The proposal’s business case says the link is targeted at delivering improvements in:
• Travel times and travel time reliability between businesses in the Onehunga-Penrose industrial area and state highways 1 and 20 (SH1 and SH20)
• Safety and accessibility for cycling and walking between Māngere Bridge, Onehunga and Sylvia Park
• Journey time reliability for buses between SH20 and Onehunga Town Centre.
The East West Link is a strategic transport corridor that will connect the Western Ring Route (SH20) at Onehunga and the Southern Motorway (SH1), improving access to the rail freight hub at MetroPort and major employment areas, such as East Tāmaki. This link will address high traffic and freight movements on congested local roads; and move freight more efficiently between SH20 and SH1, and between industrial areas and the port and airport.
The link project intersects Transform Onehunga in two key areas:
• The Neilson Street interchange, including the street’s widening to four lanes and widening of the road between Gloucester Park and Onehunga Wharf from two to four lanes. The widening will intersect directly with the wharf and take about 8000sqm of land from the site. Temporary designations will cut off access to the wharf until about 2024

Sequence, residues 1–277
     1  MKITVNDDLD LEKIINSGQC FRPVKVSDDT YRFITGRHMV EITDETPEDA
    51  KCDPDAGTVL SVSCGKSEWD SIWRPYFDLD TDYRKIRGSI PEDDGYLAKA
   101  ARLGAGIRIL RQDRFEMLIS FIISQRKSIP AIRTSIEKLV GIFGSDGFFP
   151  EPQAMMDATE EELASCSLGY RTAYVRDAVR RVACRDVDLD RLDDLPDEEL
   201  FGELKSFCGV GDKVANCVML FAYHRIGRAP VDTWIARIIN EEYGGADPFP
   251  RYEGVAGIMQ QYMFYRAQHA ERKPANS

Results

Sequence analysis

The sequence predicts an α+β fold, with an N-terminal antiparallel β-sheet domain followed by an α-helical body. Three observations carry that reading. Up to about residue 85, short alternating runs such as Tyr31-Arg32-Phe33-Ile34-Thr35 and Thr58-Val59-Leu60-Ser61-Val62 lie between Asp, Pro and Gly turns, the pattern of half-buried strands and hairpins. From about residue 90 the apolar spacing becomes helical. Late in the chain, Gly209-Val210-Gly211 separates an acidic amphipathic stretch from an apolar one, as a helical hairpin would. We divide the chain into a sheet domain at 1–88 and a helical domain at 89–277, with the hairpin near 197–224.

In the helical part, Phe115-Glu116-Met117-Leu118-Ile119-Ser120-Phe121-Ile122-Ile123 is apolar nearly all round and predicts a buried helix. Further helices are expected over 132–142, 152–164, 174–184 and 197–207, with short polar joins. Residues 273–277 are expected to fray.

• The alignment across the Manukau Harbour foreshore (a four lane road) with connections back to Galway Street, Captain Springs Road, MetroPort and Hugo Johnston Drive.
The East West Link is expected to create east-west improvements for public transport, and provide for walking and cycling. However, it is more about regional connections and less about local connectivity. The full benefits of the network improvements, particularly on local roads, will not be realised until after completion in 2028. Between $1.6 and $1.8 billion has been allocated for the project, which is in the advanced planning stage. On 16 December 2016 NZTA lodged the necessary documents and consent applications for the East West Link project. Their application will be considered by an independent Board of Inquiry. This process includes hearings expected to run from April to September 2017. If the proposed design is consented, construction will start in 2018.